Once was in an office supply store in North Bay, Ontario where a certain store was selling old copies of Mandrake Linux 8.2 (the current version was 9.1 at the time). The other store was a Future Shop in Prince Albert, Saskatchewan which had an old boxed set of SUSE 7.3 which was in bad shape and boxes of SUSE Linux 8.0 or 8.1 long after SUSE was into version 9. Of all the many stores I'be been in in several provinces, those were the only two I saw that were carrying Linux distributions and the versions they had were severely outdated but still sporting the same prices they would be if they were brand new.

Stores in Canada complain that they can't sell Linux, but what they're doing would be like selling Windows 98 today at the same price as Windows XP.

Reply Score: 2

No surprises
by Brad on Sun 26th Mar 2006 02:19 UTC
Brad
Member since:
2005-07-06

No surprises in the article.

But at anyrate, Linux will always suffer in retail market.

Anytime you see linux in a store, its a couple different distro's and always out of date.

The only way linux would stand a chance is if it was just one distro, and only came out with a new release around ever 2 years. Otherwise its a nightmare to stores and customers. Its low volume item as is, but to carry different flavors of it and to have each version go out of date every few months is a real problem.

Reply Score: 1

RE: No surprises
by Celerate on Sun 26th Mar 2006 07:52 UTC in reply to "No surprises"
Celerate Member since:
2005-06-29

Right now Brad there really is only a small handfull of distributions worth keeping in stock in stores. I think the best odds for a store would be to have Mandriva, SUSE, Xandros and maybe Linspire in small numbers just for experimentation. Stores need to try to have the current versions as well, if I'm not mistaken the stores can simply send back the copies they don't sell and they don't lose any money on that just like with magazines. It also wouldn't hurt to put a few Linux books in the same isle as the Linux distributions, especially if the books are appropriate for the distribution(s) being sold.

Reply Score: 1

more at CompUSA here (southeast WI)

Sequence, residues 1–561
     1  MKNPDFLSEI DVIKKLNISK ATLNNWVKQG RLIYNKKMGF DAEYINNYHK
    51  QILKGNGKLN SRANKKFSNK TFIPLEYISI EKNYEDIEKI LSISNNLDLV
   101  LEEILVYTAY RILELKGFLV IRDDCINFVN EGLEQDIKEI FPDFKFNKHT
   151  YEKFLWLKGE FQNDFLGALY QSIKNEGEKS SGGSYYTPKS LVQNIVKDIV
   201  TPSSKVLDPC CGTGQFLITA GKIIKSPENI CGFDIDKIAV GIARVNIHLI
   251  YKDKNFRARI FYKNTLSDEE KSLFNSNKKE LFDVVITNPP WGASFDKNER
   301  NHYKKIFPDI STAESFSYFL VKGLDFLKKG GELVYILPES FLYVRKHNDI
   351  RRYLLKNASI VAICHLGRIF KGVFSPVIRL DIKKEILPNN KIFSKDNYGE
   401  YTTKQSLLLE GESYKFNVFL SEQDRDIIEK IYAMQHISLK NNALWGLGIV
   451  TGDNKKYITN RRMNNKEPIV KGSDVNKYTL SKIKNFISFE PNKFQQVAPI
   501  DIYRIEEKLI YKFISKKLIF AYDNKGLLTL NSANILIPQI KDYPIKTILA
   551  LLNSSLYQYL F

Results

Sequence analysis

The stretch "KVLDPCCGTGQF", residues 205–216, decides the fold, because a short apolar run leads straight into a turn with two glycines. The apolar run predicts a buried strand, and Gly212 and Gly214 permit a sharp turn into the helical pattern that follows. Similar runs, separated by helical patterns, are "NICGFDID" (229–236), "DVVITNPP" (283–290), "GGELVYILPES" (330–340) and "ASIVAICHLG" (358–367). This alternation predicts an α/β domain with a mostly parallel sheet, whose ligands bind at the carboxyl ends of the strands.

by re_re on Sun 26th Mar 2006 03:26 UTC
re_re
Member since:
2005-07-06

CompUSA here stocks the shelves with Suse, Xinspire, FreeBSD, and OpenBSD. They used to stock redhat 9 as well.

Reply Score: 1

RE: Installing Windows
by PowerMacX on Sun 26th Mar 2006 09:18 UTC
PowerMacX
Member since:
2005-11-06

As someone who's worked in a business supply and computer store I feel I must point out that when you're told people are buying Linux computer to install Windows on, take it with a grain of salt. While they may be cheaper without Windows, the additional cost of Windows to install on it would bring the price up so that it's equal to the price for a comparably equipped Windows system. I don't deny that some people probably do have that in mind if they already have an old copy of Windows or they plan on pirating it;

The "download app/download crack/apply crack" mentality is rather common on the Windows side - not universal of course, just large enough that it can't be dismissed as a small number.

Also, most Linux users I know like to *build* their machines to their exact preferences, and I suspect many share that preference. Buying a machine with a "user friendly" distro which they would wipe out anyway to install their favored one does not sound particularly likely. Lots of people buying the cheapest system they can get and installing a pirated Windows on it does.

Reply Score: 1

linux, goody hobby
by happycamper on Sun 26th Mar 2006 10:28 UTC
happycamper
Member since:
2006-01-01

since Microsoft windows are on 90% of the desktops why would stores carry new linux stuff?

Reply Score: 2

RE: linux, goody hobby
by Angel--Fr@gzill@ on Sun 26th Mar 2006 10:44 UTC in reply to "linux, goody hobby "
Angel--Fr@gzill@ Member since:
2005-12-23

!!!

You are right guy... We all should have the same face, speak the same language, dress the same way worldwide etc!!!

and finally: " since there are billions of flies eating shit everyday, why shouldn't everybody eat shit aswell???

Angel--Fr@gzill@

!!!

Reply Score: 0

RE[2]: linux, goody hobby
by rockwell on Sun 26th Mar 2006 13:56 UTC in reply to "RE: linux, goody hobby "
rockwell Member since:
2005-09-13

//You are right guy... We all should have the same face, speak the same language, dress the same way worldwide etc!!! //

Spoken as a true Penguinista, not knowing squat about cash flow, pipeline, P/L, A/R, or any other business concept.

In business, you give the people what they want. Or you die.

If Linux ever reaches 25-30% desktop market *saturation,* then stores will undoubtedly be stocking TONS of OSS stuff.

Reply Score: 2

RE[3]: linux, goody hobby
by Angel--Fr@gzill@ on Sun 26th Mar 2006 17:51 UTC in reply to "RE[2]: linux, goody hobby "
Angel--Fr@gzill@ Member since:
2005-12-23

!!!

Sure... it must be that... only that in my life I have studied Administration, sociology, economics, politics, marketing and business administration...